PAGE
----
From this page, you can learn more about the AICD findings specific to each sector. The AICD findings offer resources and cutting edge knowledge on each individual sector that can help evaluate past performance and guide future investments.
Africa has seen strong growth in air traffic in recent years, but regional disparities are immense. A poor safety record is the largest challenge plaguing the sector today. Air traffic control and surveillance facilities require substantial upgrading.
Since the mid-1990s, Africa has seen dramatic growth in access to telecom services. Most of that growth can be chalked up to the wireless revolution. Broadband Internet is not yet widely available, and regional cooperation is needed to expand bandwidth.
Africa is an agricultural continent, but its agricultural productivity is the lowest in the world. The 5 percent of Africa’s cultivated land that is irrigated accounts for 20 percent of agricultural production, pointing the way to greater food security.
Cargo volumes in Africa’s ports have tripled over the past decade. Further growth will require additional investments. Many ports are poorly equipped and inefficiently operated. Wider adoption of the landlord port model would improve performance.
About 30 African countries face chronic power problems that seriously hamper growth and productivity. Fixing the problem requires investments of about $41 billion a year. More regional trade and greater operational efficiency are key parts of the solution.
The economic significance of African railroads has declined over the last 30 years with economic liberalization and improvements in highway infrastructure. Concessioning has improved rail performance but not enough to pay for needed rehabilitation.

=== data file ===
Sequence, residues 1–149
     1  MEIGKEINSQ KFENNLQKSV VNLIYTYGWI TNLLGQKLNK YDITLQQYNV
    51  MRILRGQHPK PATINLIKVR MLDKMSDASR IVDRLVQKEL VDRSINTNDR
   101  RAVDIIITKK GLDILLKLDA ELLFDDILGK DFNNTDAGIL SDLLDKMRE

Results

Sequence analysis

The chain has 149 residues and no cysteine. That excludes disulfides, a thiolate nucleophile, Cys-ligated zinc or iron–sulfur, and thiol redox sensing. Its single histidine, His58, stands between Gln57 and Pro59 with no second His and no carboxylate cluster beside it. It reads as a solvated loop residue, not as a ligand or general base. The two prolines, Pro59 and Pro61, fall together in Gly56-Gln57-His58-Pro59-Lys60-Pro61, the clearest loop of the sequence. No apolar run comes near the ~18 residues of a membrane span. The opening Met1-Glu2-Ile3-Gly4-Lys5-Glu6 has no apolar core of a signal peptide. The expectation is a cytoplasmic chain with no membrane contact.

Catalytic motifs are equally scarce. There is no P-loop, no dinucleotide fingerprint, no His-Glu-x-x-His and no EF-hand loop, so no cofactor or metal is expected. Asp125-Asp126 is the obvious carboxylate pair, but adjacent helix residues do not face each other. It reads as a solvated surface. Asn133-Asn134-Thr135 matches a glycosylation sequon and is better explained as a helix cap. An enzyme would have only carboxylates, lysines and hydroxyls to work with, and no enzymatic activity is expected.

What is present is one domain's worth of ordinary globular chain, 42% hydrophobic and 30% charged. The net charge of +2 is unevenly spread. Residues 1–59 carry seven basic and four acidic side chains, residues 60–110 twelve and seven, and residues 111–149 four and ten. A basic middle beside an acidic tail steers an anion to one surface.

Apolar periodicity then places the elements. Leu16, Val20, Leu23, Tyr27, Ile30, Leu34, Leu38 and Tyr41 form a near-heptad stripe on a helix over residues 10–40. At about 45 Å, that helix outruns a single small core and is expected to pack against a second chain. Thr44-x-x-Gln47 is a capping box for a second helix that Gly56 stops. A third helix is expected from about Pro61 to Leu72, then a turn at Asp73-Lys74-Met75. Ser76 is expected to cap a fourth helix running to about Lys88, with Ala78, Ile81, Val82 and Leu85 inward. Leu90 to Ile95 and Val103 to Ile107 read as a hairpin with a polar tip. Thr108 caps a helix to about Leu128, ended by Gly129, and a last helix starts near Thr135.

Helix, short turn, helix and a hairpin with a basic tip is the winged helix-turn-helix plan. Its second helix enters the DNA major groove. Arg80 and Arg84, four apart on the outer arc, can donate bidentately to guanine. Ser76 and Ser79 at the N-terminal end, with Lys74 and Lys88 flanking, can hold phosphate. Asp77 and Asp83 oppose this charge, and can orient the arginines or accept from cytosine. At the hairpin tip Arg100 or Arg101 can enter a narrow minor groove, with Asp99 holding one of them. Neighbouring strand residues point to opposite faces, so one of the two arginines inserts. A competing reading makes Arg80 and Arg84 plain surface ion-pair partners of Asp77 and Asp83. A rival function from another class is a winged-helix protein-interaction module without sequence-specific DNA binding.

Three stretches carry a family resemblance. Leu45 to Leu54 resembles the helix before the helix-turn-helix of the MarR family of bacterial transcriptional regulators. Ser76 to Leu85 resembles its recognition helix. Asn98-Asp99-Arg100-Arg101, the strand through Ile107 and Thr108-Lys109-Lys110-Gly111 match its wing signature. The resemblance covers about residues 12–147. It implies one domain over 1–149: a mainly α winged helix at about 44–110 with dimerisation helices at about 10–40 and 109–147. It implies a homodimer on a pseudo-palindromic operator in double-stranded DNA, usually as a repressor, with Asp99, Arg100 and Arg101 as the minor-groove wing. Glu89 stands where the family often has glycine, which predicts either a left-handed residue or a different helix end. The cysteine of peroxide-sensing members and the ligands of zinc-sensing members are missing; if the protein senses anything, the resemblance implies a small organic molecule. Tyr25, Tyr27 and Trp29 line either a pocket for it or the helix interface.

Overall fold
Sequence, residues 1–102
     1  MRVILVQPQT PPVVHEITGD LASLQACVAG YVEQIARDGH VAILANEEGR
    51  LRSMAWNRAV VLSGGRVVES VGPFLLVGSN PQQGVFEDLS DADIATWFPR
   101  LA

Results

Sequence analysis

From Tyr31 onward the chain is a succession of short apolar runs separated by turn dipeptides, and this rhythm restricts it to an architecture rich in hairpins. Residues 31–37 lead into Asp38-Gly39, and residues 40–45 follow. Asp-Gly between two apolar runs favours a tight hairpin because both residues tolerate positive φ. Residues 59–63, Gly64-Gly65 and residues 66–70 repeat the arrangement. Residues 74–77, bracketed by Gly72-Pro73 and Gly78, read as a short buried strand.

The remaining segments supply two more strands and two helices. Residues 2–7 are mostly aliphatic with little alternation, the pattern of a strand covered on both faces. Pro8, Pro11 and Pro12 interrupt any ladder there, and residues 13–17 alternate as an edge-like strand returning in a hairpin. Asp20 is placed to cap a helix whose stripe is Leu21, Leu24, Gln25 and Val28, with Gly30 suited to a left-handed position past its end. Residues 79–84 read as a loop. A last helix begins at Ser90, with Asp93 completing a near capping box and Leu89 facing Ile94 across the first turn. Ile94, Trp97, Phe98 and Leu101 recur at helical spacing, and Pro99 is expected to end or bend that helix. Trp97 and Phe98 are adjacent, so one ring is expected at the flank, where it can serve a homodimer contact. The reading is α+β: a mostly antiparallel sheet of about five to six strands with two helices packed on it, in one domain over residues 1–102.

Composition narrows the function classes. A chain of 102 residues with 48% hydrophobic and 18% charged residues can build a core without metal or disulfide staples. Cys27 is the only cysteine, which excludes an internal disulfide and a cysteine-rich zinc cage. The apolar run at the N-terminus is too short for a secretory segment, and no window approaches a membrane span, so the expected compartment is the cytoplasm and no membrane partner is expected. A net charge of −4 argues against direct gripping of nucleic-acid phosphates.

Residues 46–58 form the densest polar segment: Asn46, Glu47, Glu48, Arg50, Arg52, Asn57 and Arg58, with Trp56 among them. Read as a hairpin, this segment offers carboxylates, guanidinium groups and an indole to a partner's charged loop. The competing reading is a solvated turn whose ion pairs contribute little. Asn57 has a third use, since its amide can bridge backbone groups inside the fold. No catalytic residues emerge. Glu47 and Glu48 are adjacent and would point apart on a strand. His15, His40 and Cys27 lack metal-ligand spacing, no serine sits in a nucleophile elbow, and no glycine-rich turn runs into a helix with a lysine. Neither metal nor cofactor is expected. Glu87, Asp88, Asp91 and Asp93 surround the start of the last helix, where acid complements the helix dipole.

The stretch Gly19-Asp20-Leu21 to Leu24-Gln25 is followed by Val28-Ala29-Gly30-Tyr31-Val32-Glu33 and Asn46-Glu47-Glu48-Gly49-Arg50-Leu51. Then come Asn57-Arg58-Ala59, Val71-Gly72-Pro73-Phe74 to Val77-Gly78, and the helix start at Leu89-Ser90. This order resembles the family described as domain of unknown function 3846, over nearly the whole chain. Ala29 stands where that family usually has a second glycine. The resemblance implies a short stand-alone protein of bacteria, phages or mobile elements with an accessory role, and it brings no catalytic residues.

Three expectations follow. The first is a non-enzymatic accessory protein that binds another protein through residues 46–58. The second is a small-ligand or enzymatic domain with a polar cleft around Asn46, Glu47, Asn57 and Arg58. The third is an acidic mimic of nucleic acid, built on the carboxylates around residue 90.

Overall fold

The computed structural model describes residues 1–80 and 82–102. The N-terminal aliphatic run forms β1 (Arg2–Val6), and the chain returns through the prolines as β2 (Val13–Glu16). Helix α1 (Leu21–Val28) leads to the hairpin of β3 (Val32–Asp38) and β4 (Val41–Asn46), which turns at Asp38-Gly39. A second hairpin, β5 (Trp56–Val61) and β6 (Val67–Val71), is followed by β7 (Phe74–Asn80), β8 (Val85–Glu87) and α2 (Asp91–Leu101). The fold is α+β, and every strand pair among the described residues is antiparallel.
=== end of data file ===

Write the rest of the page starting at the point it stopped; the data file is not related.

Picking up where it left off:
Tremendous progress has been made in establishing institutions to manage and maintain roads, but still only one in three rural Africans has access to an all-season road. Unable to reach urban markets, millions are trapped in subsistence agriculture.
More than 60 percent of Africa’s population lacks access to modern sanitation, such as improved latriines. The challenges are varied across countries and across rural and urban landscapes, requiring different policy responses.
Africa suffers from transport bottlenecks that raise costs, slow freight, and hinder the development of logistics systems critical to successful competition in global markets. Transportation costs increase the prices of African goods by some 75 percent.
The already challenging African hydrology could worsen hydro-climate variability due to climate change. Water resources in Africa are underutilized and conflicts between water uses abound. Additional water storage is necessary and water management institutions need to be strengthened.
Universal access to safe water remains elusive in Africa. Underpricing, wasteful subsidies, and operating losses starve utilities of revenue while failing to bring water to the poor. Institutional changes and low-cost technologies offer a way forward.